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Volcanic ash: study methods, characteristics and meanings


IPGP - Îlot Cuvier


Séminaires Systèmes Volcaniques

Salle 310

Claudia D’Oriano

INGV of Pisa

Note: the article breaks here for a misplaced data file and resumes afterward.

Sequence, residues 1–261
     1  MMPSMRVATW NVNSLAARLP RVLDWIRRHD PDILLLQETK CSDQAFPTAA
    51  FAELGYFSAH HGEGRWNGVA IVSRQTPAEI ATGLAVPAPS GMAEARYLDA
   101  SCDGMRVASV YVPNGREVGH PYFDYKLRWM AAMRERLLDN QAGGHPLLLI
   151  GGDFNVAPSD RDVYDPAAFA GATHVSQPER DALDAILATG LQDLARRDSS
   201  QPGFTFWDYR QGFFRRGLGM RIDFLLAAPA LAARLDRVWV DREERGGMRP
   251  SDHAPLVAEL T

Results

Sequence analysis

Explosive eruptions commonly generate and disperse large quantities of volcanic ash, fragments less than 2 mm in diameter produced by the mechanical fragmentation of magma and/or wall rocks. Ash-producing eruptions cover a wide range of styles and are controlled by magma properties such as composition, crystal content, temperature and dissolved gases, and by possible interaction with external fluids such as groundwater or surface water. Different eruptive styles at volcanoes with different magma compositions are characterized by a large variability in terms of ash components. This is due to its fine nature, capable to capture the spatial variability of the textural and compositional characteristics of the magma, revealing some evolutionary aspects that coarse products may not notice. After entry into the atmosphere, ash rapidly quench, preserving information about the dynamics of the magma within the volcanic conduit, where fragmentation occurs and the style of the eruption is decided. To associate external features of volcanic ash with their internal texture and geochemistry, we developed a methodological procedure capable of capturing all this information on individual fragments. Approximately 50–100 ash fragments in the 0.5–1 mm size range are randomly hand-picked under the stereomicroscope, and then mounted on double-sided tape on a glass slide. This grain size is representative of the sample variability and allow to perform reliable analytical work on individual clasts. Fragments are photographed both using a digital camera under a stereomicroscope and under a scanning electron microscope (SEM) for the description of the external morphology. The slide is then embedded in epoxy resin and polished until a surface containing approximately the maximum diameter of the fragments is exposed. These mounts are used for SEM inspection, backscattered electron (BSE) imaging of textural features and for analytical purposes (SEM-EDS, EMPA, LA-ICP-MS). Ash components can be divided into juvenile, lithic, recycled clasts and loose crystals. The presence of recycled glass fragments can hide primary magmatic information, introducing distortions into interpretations of ongoing magmatic and volcanic activity. High-temperature experiments at atmospheric pressure have been performed on natural samples to study the effects of heating on the morphological, textural, and compositional characteristics of volcanic ash. By comparing experimental and natural samples, we have proposed the main general criteria to be used for the discrimination of recycled material. I will show examples of application of the above described study methods to reconstruct the dynamics of eruptive processes at both italian (Etna, Vesuvius, Stromboli) and worldwide volcanoes (Eyjafjallajökull). To attend online (Zoom meeting): Meeting ID : 873 3945 6320 Password : 458794